Utility for info drivers

  1. Posts : 2
    Windows 10

    Utility for info drivers

    Hello everyone. Can anyone tell me if there is a utility for Windiws 10 to get information about installed drivers? For example, if the driver is 32 or 64 bit, for which version of Windows the driver was built (W7, W8, etc.). To use an old SCSI controller (U320 and PCI-X) in Windiws 10 I have to do some testing and research. I use Windows 10 to 64bit.
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  2. CountMike's Avatar
    Posts : 18,340
    W10+Developer Insider + Linux

    Hi and welcome. If Device manager doesn't give you enough data you can try Download DevManView - MajorGeeks which greatly expands on it.
    Drivers have to be same "bitness" as system. 32bit drivers will not work on 64bit windows and other way around. A driver file you download or have may be made for both but will install only ones with right bitness.
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  3. Posts : 2
    Windows 10
    Thread Starter

    Thanks for your help. I just installed the "DevManView" utility. A nice software, but I can not understand how I can know if a 64bit driver installed on my Windows 10 comes from previous versions (see for example Windows 8 or 7). What can I understand? From the "driver date". But what years do they belong to which versions of Windows?
    Attached Thumbnails Attached Thumbnails Utility for info drivers-image.png  
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  4. CountMike's Avatar
    Posts : 18,340
    W10+Developer Insider + Linux

    As I said before, in 64bit windows only 64 bit drivers will install, same for 32bit Windows, only 32bit drivers can be installed so it's not necessary to show that. If you haven't installed a driver, open .INF file for it with a text editor and it should be all visible in there.
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  5. Posts : 251
    Windows 10 Pro x64

    As CountMike already pointed out, all your installed drivers are 64 bit drivers.

    Every driver has its own INF file. IMHO Opening the INF won't help what you're looking for. There's no specific OS indicator. It's filled with an overwhelming amount of cryptic data, and it's information about driver version and date can be found in DevManView or Device Manager itself.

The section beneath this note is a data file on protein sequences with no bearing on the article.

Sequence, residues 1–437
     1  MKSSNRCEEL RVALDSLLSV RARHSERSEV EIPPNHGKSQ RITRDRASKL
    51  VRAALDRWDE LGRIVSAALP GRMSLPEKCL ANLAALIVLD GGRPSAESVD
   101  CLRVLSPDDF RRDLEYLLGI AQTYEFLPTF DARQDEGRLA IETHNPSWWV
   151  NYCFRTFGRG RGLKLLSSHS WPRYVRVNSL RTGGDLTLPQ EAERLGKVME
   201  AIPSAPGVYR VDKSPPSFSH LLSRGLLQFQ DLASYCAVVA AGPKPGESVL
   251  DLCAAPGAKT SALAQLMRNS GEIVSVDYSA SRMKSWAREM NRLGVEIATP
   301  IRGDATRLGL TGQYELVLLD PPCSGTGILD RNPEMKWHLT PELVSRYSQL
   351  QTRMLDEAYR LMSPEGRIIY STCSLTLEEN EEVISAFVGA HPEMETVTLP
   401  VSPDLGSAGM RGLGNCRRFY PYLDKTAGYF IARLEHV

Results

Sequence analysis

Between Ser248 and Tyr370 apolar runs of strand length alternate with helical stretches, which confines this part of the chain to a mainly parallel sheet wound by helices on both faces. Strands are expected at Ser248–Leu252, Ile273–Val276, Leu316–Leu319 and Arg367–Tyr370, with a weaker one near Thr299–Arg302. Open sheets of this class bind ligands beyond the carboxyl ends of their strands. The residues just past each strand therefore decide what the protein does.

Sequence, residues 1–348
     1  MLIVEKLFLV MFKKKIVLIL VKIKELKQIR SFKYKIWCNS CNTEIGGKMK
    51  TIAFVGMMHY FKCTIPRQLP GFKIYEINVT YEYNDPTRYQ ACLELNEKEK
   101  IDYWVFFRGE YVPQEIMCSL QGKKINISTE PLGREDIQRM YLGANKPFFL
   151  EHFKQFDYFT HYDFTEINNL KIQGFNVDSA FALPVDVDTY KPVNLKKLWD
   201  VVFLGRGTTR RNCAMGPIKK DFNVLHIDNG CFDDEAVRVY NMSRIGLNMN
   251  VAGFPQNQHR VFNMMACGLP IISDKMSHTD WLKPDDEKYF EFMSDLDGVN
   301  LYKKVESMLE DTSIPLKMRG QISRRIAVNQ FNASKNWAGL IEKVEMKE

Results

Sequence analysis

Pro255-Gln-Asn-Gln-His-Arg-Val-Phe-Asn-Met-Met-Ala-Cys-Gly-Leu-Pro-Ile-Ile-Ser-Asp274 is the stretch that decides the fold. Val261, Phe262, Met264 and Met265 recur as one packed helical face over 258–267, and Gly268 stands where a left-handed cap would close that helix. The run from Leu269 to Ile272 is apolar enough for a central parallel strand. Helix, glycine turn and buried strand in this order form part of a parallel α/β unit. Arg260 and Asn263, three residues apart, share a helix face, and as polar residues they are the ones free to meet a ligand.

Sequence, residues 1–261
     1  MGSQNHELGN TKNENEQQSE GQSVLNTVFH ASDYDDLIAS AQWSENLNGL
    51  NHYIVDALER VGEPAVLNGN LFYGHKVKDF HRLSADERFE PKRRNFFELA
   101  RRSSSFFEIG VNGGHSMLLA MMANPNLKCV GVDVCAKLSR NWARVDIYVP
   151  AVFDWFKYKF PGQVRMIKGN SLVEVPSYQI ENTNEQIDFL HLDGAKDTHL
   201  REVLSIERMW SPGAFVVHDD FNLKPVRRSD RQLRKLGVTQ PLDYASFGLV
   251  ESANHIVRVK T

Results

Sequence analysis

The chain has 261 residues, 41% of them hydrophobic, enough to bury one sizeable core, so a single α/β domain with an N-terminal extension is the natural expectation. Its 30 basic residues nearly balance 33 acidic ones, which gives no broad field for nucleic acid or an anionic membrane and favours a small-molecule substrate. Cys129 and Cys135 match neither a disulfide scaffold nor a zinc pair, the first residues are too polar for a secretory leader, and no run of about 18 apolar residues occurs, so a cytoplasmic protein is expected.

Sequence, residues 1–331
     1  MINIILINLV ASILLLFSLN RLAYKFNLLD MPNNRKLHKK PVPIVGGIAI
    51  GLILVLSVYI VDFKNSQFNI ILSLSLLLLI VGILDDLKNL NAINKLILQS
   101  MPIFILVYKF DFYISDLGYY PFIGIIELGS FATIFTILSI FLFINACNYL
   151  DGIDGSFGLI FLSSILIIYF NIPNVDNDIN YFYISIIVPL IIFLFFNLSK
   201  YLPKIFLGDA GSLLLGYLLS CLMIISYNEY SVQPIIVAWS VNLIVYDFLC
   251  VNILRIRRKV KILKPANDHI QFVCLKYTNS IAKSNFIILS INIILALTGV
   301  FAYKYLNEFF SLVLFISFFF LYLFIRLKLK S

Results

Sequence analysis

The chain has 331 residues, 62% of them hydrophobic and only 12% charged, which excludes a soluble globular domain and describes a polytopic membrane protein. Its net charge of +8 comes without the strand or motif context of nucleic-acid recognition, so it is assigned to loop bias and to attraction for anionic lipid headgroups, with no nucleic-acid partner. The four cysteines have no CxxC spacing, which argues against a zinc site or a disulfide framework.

You won't find an easy indicator saying which versions of Windows the driver works with. That can sometimes be the side effect of the device's hardware IDs (which are assigned by the vendor). A device made for Windows 10 might have different hardware IDs then its predecessor)

    Look in Device Manager. Do you see any devices with yellow icons?
    • If there's an Other category in Device Manager, the devices listed under it have no drivers installed
    • Otherwise, yellow icon indicates a driver installed but not working.

    For a specific device in question, find it in Device Manager, right click Properties->General->Details tab. Change the pull down window to Hardware Idto find it's ids

    You're best bet (though can be a tedious task) is online searches using either hardware ID or driver file name (i.e. name of INF file excluding the .inf extension - or simply driver filename as found in DevManView), version and date to see what you come up with. Also googling for drivers using the hardware ID (examples read HERE and HERE. But while searching one need also be careful, sometimes
    • you think you're downloading a driver, but turns out its just another driver lookup/advisor tool you'll have to pay for
    • Worse yet, you may also pickup adware or malware this way (use your A/V to scan what you download)

    I often find it useful to create a disk image backup if i'm going to download a lot or at least create a system restore checkpoint. If you happen to use Acronis True Image, use their Try and Decide tool. Allows you to create a disk snapshot, download and install whatever you like and then can back out of all disk changes and return to snapshot after a reboot
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  6. CountMike's Avatar
    Posts : 18,340
    W10+Developer Insider + Linux

    Actually, .inf file can provide wealth if information:
    Utility for info drivers-image.png
    Utility for info drivers-image.png
      My Computers


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